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Mitchell K. Dwyer   |   Staff Writer
May 2, 2024
  • Emanuel and Teresa Makuakāne-Drechsel

In 2014, Ka Haka ‘Ula O Ke‘elikōlani College of Hawaiian Language held a blessing for its new building on the campus at UH Hilo. Untying the ceremonial maile vine – in Hawai‘i’s version of a ribbon-cutting – was Lydia Makuakāne, a longtime Hawaiian language resource for the college. Lydia was raised by her grandmother in a south Puna community where Hawaiian was spoken. Her husband and family also spoke the language.

The following year, Lydia’s daughters established the Daniel and Lydia Makuakāne Endowed Fund for students at Ka Haka ‘Ula o Ke‘elikōlani to honor their parents. When students received the first scholarships soon after, Lydia was there to meet the recipients. “Until 2019, she met them all,” says her daughter, Dr. Teresa Makuakāne-Drechsel, “and it was always special.”

Scholars continuing the work

Jainine Kaululehua Ekau just completed her master’s degree in Indigenous Language and Cultural Education. She says she exhausted other financial aid options, but was able to continue her studies as a 2023-24 recipient of the Daniel and Lydia Makuakāne Scholarship, strengthening her foundation for teaching in schools where all instruction is in the Hawaiian language.

“I will continue my work as a kumu at the Hawaiian medium school so I can teach and prepare our keiki in the mother language of this ʻāina,” she says. “So much knowledge has been passed down to me, and now it’s my turn to pass my knowledge to others.”

The Daniel and Lydia Makuakāne Fellowship was instrumental in Bruce Torres Fischer’s completing a master’s degree in Hawaiian Language and Literature. “Without it,” he says, “I would probably have been unable to set aside time to dive into research for my thesis on native speakers’ pronunciation.”

Bruce says, “I am honored and grateful to receive this fellowship paving the way for graduate students so that we can take the language, culture, and our scholarship to new heights. As a worker at the Kaniʻāina: Voices of the Land digital audio archive, it is also special to me to receive support from a scholarship named after one of the cherished mānaleo (native speakers) whose voice I've had the privilege to digitize and preserve.”

From left: Zak Shimose, Robbie Shimose, Corina McLellan, Annie Makuakāne, Victor McLellan, Bruce Torres Fischer, Jainine Kaululehua Ekau, Alapa‘i Kaulia, a UH Hilo scholarship recipient, Gail Makuakāne-Lundin, and Keiki Kawai‘ae‘a.

“We’re honoring their legacy”

Teresa and her husband, Dr. Emanuel Drechsel, first made gifts to the university after they received information from the College of Hawaiian Language seeking scholarship support for Hawaiian language students and faculty. Dr. Kalena Silva and Dr. Keiki Kawai‘ae‘a wrote the flier, and Puanani Woo sent it to Teresa.

“I’ve known Puanani since I was about 14,” she says. “She was my frosh year counselor at Kamehameha Schools Kapālama. Kalena was my high school classmate. Keiki was a classmate at UH Mānoa. These long-standing relationships made me sit up and take notice.”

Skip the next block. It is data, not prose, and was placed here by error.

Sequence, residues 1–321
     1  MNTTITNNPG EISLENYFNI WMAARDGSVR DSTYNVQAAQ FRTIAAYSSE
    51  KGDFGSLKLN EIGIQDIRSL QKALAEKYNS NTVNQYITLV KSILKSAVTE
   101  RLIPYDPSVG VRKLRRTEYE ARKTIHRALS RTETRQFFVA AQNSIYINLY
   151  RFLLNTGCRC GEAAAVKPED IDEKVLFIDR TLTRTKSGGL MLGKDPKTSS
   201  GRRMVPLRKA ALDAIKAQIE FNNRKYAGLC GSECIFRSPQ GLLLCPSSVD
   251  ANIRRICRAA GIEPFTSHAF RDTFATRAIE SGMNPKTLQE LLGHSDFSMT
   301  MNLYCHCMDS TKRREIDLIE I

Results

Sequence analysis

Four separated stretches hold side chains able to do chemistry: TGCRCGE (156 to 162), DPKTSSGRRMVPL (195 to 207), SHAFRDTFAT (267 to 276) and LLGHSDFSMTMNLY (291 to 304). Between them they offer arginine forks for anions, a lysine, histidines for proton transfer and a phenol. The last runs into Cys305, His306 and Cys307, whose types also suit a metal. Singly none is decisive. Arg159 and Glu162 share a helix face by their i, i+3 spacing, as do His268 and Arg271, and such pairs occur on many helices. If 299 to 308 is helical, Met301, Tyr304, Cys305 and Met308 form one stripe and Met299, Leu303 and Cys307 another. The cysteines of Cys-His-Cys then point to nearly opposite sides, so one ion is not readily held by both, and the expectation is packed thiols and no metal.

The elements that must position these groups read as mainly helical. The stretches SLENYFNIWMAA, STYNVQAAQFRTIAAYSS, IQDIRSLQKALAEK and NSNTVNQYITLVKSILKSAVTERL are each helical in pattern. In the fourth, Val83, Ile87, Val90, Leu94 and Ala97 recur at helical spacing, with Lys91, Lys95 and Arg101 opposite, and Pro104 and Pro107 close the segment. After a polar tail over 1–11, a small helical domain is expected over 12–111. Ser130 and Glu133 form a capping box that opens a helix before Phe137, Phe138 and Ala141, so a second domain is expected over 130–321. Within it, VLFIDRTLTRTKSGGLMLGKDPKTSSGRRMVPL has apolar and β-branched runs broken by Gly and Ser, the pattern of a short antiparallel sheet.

“We first gave to the program because of these relationships,” she says. Conversations with a UH Foundation development officer at UH Hilo inspired the family to consider a longer-lasting fund to honor her parents for their contributions in preserving and perpetuating Hawaiian language and cultural practice. “We continue to give because of these – and so many more – relationships, these connections to Hawaiian language and culture, because my parents grew up in a time and place where Hawaiian language was primary. We’re honoring their legacy.”

An investment in the community

Teresa, who received her BA in linguistics from UH Mānoa, and Emanuel, a retired UH Mānoa professor and adjunct faculty of linguistics, also established the Drechsel-Hubbard Endowed Fellowship for Indigenous Language-Culture Research, supporting UH Mānoa students working on their native or heritage Indigenous languages, especially those of the Pacific and North America. The endowment was named in honor of Emanuel’s sister, Ms. Cornelia Drechsel, and his stepfather, Dr. Laurence Stanley Hubbard, who provided initial funding for this fellowship.

The first recipient, Noah Ha‘alilio Solomon, defended his doctoral dissertation in April. “We were impressed with the work Ha‘a has been doing as a Hawaiian scholar and UH Mānoa faculty member in the Hawaiian Language Department,” says Teresa.

Beneficiaries of the Makuakāne and Drechsel families’ generosity also see the family’s investment paying off for the community. Alapa‘i Kaulia, a 2023-24 recipient of the Daniel and Lydia Makuakāne scholarship, graduates from UH Hilo in May, after which he will enter a graduate program for teacher certification by the state department of education.

“I have already been teaching for the past six years,” he says, “but this scholarship has helped me gain the credentials to be a highly qualified teacher at the only immersion program in Kona. Because of scholarships like this, the shortage of Hawaiian language kumu will quickly be resolved. Without them, I would not have made it through college.”

If you would like to learn how you can support UH students and programs like this, please contact us at 808-956-8700 or send us a message.